He started unwrapping the game even before we left the store. “Mom this is so cool” he said as we were driving home. I told him that we could work on the spelling and literature when we got home. After that he could play his new game for a while but when dinner was done he had to work on his passport project which he casually mentioned was due TOMORROW. “Ugh” I thought, something tells me this is not going to be pretty.

Disaster comes to mind now that I think about it. When Mr. D started helping him with the project I could hear Kameron whispering to him. I turned the tv down and started asking questions. There was a lot of work to be done according to Mr. D. So they started working on it together. About an hour into it, I heard Mr. D ask Kameron to come over and look at something. I knew exactly when that little booger was doing, he was playing that game while Mr. D looked something up. Sternly I said “Kameron are you playing that game?” He looked over the ledge of the loft and said “yes.”

I could feel my blood pressure rising and a hint of steam was beginning to come out of my ears.

“Bring me that game” I said. Kameron with tears in his eyes brought it to me and sarcastically said “I probably won’t get this back until Christmas.” I smiled and said “probably not – now get back to work.”

He was probably thinking in his head that he purchased that game. He saved the money, paid for it himself, so I couldn’t possibly take it away from him. Here is what he doesn’t understand, the game even though he bought it, is mine. The x-box that he plays the game on is mine. When you don’t do your work, or procrastinate until the last-minute, those things will be taken away from you for an undetermined amount of time.

Shit, I’m my parents.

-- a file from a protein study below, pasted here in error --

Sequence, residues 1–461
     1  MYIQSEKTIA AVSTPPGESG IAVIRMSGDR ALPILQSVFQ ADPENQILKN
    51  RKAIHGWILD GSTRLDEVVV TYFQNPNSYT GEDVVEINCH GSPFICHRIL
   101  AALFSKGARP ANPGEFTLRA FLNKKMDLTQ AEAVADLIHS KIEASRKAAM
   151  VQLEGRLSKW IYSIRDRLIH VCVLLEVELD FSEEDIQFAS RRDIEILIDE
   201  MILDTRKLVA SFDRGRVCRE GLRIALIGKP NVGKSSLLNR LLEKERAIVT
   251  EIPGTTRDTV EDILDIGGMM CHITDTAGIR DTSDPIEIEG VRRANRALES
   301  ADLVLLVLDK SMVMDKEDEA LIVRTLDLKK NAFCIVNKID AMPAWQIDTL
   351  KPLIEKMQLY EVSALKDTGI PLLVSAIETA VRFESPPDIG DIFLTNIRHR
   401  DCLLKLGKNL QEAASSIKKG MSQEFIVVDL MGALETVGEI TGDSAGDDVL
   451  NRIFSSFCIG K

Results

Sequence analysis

When Kameron finally got done with his project we all had a little talk about starting projects earlier, working on a project a little bit at a time so it’s not so overwhelming, and being more diligent about planning his homework schedule.

He said he understood. I caught him looking over at his game resting on my dresser.

Yeah, the game is going to be there for a few days bud.


When A Pass Really Isn’t A Pass February 8, 2012

I’m not fond of Kameron’s religion teacher.

I’m not alone.  If you remember my rant on the parent/teacher conferences her line was the longest, and took the most time.

Do you remember “Passes?”  Not like a pass to the bathroom.   Test/Quiz Passes.  They were like the golden ticket of catholic schoolism.  I remember teachers giving passes out at Christmas time, pure joy came over everyone.  Even the meanest girls were a little nicer when test/quiz passes were handed out.  My definition of the “test/quiz pass”  say you weren’t prepared for a test, or you just totally spaced the test was Tuesday,  you thought it was Thursday.  Whip out the test/quiz pass – the heavens opened up and you could hear the faint singing of angles, it was glorious – it also meant you didn’t have to take the test or quiz.  Auto 100% –  nothin better than that baby!  Obviously there were some things that you couldn’t use them on, but the teacher would always tell you in advance.  Passes were sacred man, few were given out.  You held on to them like gold.  I remember selling one of my passes once, teachers wised up to what was going on and started putting our names on them.   Thanks for ruining the profitable fun, and the mean girls blackmail scam.